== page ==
But America is not always the victim in cyber attacks. The U.S. and Israel were blamed for the development of the Stuxnet virus, a computer worm that targets industrial software and was credited with sabotage attacks on Iran’s nuclear programme.

Delegates at an international cyber security conference held in London this week warned the crisis was so severe that nations should agree an international ‘non-proliferation’ treaty similar to the one drawn up to slow the spread of nuclear weapons.

 

Via DailyMail

U.S. arms makers said to be bleeding secrets to cyber foes

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Top Pentagon contractors have been bleeding secrets for years as a result of penetrations of their computer networks, current and former national security officials say.

The Defense Department, which runs its own worldwide eavesdropping, spying and code-cracking systems, says more than 100 foreign intelligence organizations have been trying to break into U.S. networks.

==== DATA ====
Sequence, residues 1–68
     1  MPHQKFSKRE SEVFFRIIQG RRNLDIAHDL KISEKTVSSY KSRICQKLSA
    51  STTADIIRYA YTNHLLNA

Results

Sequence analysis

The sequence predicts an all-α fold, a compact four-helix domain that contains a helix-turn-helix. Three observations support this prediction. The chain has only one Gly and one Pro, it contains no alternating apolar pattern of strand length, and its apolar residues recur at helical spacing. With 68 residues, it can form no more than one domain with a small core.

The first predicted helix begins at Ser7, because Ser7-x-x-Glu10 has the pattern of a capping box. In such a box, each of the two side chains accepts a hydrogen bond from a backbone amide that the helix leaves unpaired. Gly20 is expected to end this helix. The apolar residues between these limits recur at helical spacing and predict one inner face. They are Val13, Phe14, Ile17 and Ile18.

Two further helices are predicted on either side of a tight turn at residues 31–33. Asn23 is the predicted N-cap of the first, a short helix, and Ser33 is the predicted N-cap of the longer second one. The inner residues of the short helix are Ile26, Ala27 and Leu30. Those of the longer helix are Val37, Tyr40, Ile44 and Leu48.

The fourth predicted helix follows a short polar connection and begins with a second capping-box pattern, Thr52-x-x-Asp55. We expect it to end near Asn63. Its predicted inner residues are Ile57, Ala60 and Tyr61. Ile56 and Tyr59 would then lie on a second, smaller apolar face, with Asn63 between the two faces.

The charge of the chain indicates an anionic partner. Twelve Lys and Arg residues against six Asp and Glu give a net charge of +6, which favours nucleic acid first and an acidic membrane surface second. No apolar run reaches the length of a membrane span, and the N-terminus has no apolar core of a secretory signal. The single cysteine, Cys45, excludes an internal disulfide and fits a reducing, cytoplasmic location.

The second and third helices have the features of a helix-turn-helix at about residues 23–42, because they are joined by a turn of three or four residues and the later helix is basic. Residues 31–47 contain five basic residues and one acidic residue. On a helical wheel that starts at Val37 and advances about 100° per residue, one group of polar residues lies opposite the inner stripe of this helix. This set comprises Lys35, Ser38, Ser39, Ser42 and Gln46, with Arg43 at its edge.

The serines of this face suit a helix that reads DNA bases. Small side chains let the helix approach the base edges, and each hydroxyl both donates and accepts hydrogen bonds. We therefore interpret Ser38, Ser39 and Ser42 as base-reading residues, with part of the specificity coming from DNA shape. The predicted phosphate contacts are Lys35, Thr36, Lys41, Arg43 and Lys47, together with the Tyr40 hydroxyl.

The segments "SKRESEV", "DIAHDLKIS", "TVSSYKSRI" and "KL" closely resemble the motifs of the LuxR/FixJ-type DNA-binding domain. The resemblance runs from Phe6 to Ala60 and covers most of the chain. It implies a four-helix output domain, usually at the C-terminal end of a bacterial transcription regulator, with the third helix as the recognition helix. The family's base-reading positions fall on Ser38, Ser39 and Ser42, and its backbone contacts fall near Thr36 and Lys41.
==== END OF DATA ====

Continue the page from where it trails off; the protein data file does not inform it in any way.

Some of the perpetrators “already have the capacity to disrupt” U.S. information infrastructure, Deputy Defense Secretary William Lynn, who is leading remedial efforts, wrote last fall in the journal Foreign Affairs.

Joel Brenner, the National Counterintelligence executive from 2006 to 2009, said most if not all of the big defense contractors’ networks had been pierced.

“This has been happening since the late ’90s,” he told Reuters Tuesday. He identified the main threats as coming from Russia, China and Iran.

“They’re after our weapons systems and R&D,” or research and development, said Brenner, now with the law firm of Cooley LLP in Washington.

Lockheed Martin Corp, the Pentagon’s No. 1 supplier by sales, said on Saturday that it had thwarted “a significant and tenacious” attack on its information systems network that it detected May 21. Ten days later, the company says its still working to restore full employee access to the network while maintaining the highest level of security.